Lot 607

Books and Other Stuff

A brief mention of the Strictly final, and Alastair Cook’s replacement as England ODI captain followed by some stuff about books and accompanied as usual by pictures.

Before moving on to the main theme of this post there a couple of other issues I wish to touch on first.

Strictly Come Dancing is over for another year. Caroline Flack and Pasha Kovalev won the vote (in the final, judges scores are given for guidance only, the outcomes resting solely on the public vote) as they jolly well should having clocked up perfect 40s from the judges in each of their last four routines, including all three in the final. Besides these four the only other perfect score of the series was achieved by Simon Webbe and Kristina Rihanoff in the last couple dance of the series. Frankie Bridge and Kevin Clifton with two 39s and a 38 were third best on the night.

The second item on my agenda that England have finally acted over the One Day International captaincy, replacing Alastair Cook with Eoin Morgan. Cook is a magnificent test match cricketer but in limited overs matches, especially on good batting pitches, he does not score quickly enough. Not only do I think a change had to be made, I am certain that the selectors have made the right decision about the new captain.

I have decided to write about something that is important to me but which I have not often covered in this blog: books. I am going to focus my attention on an old favourite and two new discoveries.

Starting with the old favourite, Edward Marston’s “Railway Detective” series dovetails neatly with two of my areas of interest, detective fiction and railways, and as such was a sure fire winner. Even so, i never cease to be impressed by just how good the stories are and just how much I enjoy reading them. I do not know how long a period the series will eventually cover, but it has already spanned most of the 1850s. 1863 would be a significant year in this context, because of the opening of the world’s first underground railway.

My second port of call is another fictional series, Laurie King’s  remarkable Mary Russell/ Sherlock Holmes series. I was originally very sceptical because in the original Holmes stories he is very much not the marrying kind. However, in spite of the implausibility of Holmes marrying, the series works spectacularly well, and I would wholeheartedly recommend it to anyone.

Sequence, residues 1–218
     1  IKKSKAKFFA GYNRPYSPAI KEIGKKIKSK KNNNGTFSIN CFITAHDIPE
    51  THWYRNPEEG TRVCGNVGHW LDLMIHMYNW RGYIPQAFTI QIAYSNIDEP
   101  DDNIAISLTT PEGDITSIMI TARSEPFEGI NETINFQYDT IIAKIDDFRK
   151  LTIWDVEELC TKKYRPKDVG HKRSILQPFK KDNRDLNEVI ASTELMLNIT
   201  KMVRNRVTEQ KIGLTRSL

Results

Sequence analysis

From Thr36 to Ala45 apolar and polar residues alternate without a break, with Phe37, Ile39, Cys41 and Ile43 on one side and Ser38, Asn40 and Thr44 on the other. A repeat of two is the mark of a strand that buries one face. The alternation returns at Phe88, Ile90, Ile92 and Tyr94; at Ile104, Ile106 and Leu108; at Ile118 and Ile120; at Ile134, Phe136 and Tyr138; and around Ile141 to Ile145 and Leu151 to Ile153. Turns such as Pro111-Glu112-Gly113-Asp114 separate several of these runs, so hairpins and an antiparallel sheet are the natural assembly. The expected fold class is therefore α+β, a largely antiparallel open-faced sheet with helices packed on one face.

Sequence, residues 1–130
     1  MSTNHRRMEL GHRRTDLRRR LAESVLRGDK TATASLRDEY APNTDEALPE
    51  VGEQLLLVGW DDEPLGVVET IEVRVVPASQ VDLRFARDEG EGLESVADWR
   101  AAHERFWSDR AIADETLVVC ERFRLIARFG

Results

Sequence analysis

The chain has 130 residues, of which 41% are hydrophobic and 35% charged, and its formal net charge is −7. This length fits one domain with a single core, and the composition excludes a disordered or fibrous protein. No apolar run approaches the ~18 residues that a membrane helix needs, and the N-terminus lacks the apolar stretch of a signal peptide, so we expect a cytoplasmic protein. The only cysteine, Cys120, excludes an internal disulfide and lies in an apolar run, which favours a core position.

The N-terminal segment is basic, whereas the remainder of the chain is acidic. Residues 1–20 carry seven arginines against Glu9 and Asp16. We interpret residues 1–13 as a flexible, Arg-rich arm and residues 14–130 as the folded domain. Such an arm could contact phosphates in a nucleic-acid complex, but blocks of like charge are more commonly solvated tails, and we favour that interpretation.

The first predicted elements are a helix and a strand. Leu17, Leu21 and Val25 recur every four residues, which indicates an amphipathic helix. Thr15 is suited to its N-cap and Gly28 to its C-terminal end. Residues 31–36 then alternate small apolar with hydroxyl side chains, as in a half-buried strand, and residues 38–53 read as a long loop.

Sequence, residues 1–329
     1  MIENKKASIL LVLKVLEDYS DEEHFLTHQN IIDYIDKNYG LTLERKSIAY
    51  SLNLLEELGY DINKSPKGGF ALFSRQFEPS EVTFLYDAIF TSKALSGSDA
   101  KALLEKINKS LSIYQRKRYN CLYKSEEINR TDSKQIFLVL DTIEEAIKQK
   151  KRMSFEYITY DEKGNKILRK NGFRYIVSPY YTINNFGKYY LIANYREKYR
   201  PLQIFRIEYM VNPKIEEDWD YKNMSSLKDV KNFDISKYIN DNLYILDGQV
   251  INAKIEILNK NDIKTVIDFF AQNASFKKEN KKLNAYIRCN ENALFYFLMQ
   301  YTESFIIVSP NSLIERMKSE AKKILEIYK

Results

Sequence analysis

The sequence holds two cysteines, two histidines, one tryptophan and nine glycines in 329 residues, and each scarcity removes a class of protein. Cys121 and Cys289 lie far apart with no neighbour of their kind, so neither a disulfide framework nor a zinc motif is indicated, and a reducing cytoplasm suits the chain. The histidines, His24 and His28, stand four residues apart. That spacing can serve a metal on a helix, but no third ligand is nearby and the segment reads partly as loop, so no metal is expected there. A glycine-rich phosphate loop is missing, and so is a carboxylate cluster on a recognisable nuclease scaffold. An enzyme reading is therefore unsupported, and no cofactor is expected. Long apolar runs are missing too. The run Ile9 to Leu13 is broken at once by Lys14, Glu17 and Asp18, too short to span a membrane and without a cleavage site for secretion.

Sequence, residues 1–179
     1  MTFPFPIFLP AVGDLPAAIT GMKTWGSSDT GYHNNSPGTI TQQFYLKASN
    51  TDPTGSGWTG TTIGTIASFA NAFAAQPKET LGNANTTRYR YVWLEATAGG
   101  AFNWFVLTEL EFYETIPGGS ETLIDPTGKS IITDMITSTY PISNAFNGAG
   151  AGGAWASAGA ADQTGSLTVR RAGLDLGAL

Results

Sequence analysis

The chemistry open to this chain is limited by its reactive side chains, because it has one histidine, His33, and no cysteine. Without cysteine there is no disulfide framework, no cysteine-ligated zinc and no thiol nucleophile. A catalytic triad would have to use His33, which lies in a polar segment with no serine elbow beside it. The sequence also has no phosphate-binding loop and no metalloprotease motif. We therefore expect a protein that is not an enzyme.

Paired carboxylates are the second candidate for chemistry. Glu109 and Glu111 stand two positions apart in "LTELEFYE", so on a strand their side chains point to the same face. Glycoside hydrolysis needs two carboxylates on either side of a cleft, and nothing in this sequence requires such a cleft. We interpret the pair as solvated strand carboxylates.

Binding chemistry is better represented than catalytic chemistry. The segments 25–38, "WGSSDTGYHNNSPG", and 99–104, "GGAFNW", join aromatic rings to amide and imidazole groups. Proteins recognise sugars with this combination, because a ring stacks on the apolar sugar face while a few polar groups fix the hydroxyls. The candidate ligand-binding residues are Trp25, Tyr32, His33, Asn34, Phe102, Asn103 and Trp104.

Finally, moving away from detective fiction and indeed from fiction we have Clifford Pickover’s “The Zen of Magic Squares, Circles & Stars”. This provided me with reading material for three bus journeys (unusual for a book to occupy me that long) and is of more specialised interest than my other two mentions, but the patterns contained within it are fascinating.

I have some photos to share with you – one thign you will notice if you look at the front cover shots of the books – all are library books, and I am happy to pay a tribute to Norfolk Libraries for continuing to provide a good service in difficult circumstances.

This is what I created to make my 10,000th tweet a bit special!
This is what I created to make my 10,000th tweet a bit special!
The next seven pictures are from the Pickover book.
The next seven pictures are from the Pickover book.

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A front cover shot of one of the Laurie King books.
A front cover shot of one of the Laurie King books.
One of Edward Marston's Railway Detective books.
One of Edward Marston’s Railway Detective books.
Cover shot of the Pickover Book.
Cover shot of the Pickover Book.